|The use of market sampling to generate maturity ogives and to investigate growth, sexual dimorphism and reproductive strategy in central and south-western North Sea sole (Solea solea L.)|
Bromley, P.J. (2003). The use of market sampling to generate maturity ogives and to investigate growth, sexual dimorphism and reproductive strategy in central and south-western North Sea sole (Solea solea L.). ICES J. Mar. Sci./J. Cons. int. Explor. Mer 60(52-65)
In: ICES Journal of Marine Science. Academic Press: London. ISSN 1054-3139, more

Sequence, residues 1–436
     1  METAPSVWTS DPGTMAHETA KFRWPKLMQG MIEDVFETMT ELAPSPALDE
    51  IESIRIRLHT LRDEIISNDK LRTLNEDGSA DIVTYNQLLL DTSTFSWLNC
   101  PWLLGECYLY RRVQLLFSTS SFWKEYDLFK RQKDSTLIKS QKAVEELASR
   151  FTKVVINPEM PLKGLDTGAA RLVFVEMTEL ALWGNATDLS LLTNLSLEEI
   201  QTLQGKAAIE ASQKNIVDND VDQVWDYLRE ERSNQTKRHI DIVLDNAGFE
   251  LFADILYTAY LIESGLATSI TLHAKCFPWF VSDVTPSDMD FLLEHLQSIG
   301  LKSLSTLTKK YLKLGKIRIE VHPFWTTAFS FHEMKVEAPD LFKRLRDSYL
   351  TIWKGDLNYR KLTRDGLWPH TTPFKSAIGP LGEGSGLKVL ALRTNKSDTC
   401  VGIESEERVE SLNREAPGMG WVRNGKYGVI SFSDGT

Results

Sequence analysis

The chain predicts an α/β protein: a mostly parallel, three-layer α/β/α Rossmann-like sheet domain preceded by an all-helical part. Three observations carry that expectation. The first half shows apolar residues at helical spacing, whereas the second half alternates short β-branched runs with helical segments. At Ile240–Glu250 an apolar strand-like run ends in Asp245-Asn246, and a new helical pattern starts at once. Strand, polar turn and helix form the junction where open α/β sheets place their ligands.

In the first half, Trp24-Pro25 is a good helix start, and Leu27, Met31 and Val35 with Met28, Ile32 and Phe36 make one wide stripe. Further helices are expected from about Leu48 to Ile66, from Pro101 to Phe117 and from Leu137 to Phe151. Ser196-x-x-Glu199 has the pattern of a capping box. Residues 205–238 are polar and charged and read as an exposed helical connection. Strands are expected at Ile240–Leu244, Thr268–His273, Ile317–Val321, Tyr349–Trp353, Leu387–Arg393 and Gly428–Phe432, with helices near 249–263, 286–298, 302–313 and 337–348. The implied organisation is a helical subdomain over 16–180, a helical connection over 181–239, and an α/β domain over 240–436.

The influence of body size, age, geographical distribution, year and season on the sexual maturation of Dover sole (Solea solea L.) in the North Sea was investigated using market sampling data collected from fish landed by commercial fishing vessels at English ports on a monthly basis since 1983. A comparison was made with maturity estimates for sole derived from research vessel survey data. The market sampling data were summarized using general linear modelling and used to generate maturity ogives for sole. There are a number of uncertainties with this approach, stemming from the use of the commercial fishery to provide the fish samples and reliance on visual (macroscopic) staging to ascertain the stage of sexual maturation of the gonads. Despite the inability to resolve all uncertainties, it was felt that it should be feasible to derive general-purpose maturity ogives from market sampling data, and that these should be sufficiently reliable for use in assessing the spawning stock biomass of North Sea Dover sole. Male and female sole were shown to have different growth and reproductive strategies, with the emphasis being directed towards maximizing egg production. Current stock assessments for sole assume that sexual maturation is knife-edged, with all fish maturing at 3 years of age. Evidence is presented to show that this approach is likely to inflate estimates of spawning stock size, since not all 3-year-olds spawn, and the proportion that do spawn varies annually. Size selection pressures resulting from commercial fishing practices are also likely to further inflate estimates of the spawning stock size. In addition, reproductive investment in first time spawning females was found to be substantially lower than in older established spawners, and it is the latter which are the first to become depleted through the pressure of sustained size-selective fishing. As a consequence, the current view of the state of well being of the North Sea sole spawning stock is likely to be overly optimistic.